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Tuesday, October 19, 2010

Lady of Hay by Barbara Erskine

Lady of Hay: Two Women, Eight Hundred Years, and the Destiny They SharePublisher: Sourcebooks Landmark
ISBN: 1402241186
Pages: 592 pgs
Genre: Historical Fiction/England
Challenges-Read’n’Review Challenge, 100+ Reading Challenge

Summary from Publisher:
Two Women, Eight Hundred Years, and the Destiny They Share

With a story as mesmerizing as it is chilling, Lady of Hay explores how Jo, a journalist investigating hypnotic regression, plunges into the life of Matilda, Lady of Hay-who lived eight hundred years earlier. As she learns of Matilda's unhappy marriage, her troubled love for Richard de Clare, and the brutal treatment she received from King John, it seems that Jo's past and present are hopelessly entwined. Centuries later, a story of secret passion and unspeakable treachery is about to begin again-and she has no choice but to brave both lives if she wants to shake the iron grip of history.

My Review:
Barbara Erskine is one of those authors that I have always wanted to try. I was a bit intimidated by the shear hugeness of her books. I was so excited to pick this one up (after a serious pep-talk).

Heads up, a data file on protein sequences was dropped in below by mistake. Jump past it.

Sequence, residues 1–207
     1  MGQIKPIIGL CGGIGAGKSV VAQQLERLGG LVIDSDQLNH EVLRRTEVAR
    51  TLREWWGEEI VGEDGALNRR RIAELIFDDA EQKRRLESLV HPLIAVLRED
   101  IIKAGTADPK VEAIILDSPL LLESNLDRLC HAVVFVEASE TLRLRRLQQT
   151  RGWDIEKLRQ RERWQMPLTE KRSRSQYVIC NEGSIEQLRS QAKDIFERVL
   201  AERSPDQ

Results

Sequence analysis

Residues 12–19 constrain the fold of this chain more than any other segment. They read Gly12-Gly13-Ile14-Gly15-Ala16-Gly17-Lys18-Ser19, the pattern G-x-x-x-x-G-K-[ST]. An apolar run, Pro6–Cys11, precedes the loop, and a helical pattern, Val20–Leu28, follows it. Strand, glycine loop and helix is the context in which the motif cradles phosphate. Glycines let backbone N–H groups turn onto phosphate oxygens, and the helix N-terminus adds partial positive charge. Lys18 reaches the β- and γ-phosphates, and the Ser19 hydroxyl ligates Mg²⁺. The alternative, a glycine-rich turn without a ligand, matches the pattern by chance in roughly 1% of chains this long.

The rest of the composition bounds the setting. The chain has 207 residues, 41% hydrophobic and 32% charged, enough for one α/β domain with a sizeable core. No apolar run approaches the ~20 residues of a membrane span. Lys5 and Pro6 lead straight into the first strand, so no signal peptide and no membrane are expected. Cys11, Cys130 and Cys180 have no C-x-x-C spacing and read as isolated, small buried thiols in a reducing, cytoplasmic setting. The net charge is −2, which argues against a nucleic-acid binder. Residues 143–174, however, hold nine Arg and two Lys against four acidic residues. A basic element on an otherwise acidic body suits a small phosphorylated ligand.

I loved watching Jo explore her past life as Matilda. For some reason, one that is a complete mystery, I found myself far more interested in Jo's life than in Matilda's. Usually I love the historical storyline more than the contemporary one but with Lady of Hay it was the complete opposite. I thought her storyline with Nick was also really interesting. Although, how she was able to forgive him and consider a relationship with him, I will never understand. I mean he left her for another woman. How can you forgive that? I also thought Nick was a bit wishy-washy. I preferred his brother, Sam. He was a creepy and a bit frightening but he had character.

I love that past life regression plays such a huge role in Lady of Hay. It is something that has both interested me and frightened me to death. I've always wanted to give it a try but I am almost terrified to find out. I loved how Erskine transitioned between present day Jo and past life Matilda. It was done without awkward transitions or confusion. I also thought both storylines were very well-balanced. It was a concern when I first started reading that that the historical storyline would dominate the contemporary one but I found that, in general, the story was very well-balanced. I was completely fascinated by both time periods and leading ladies.

*A copy of this book was provided to me by the publisher for review. My opinion is my own and has not been influenced in any way and any monies made from associate or affiliate accounts are recycled back into the blog.

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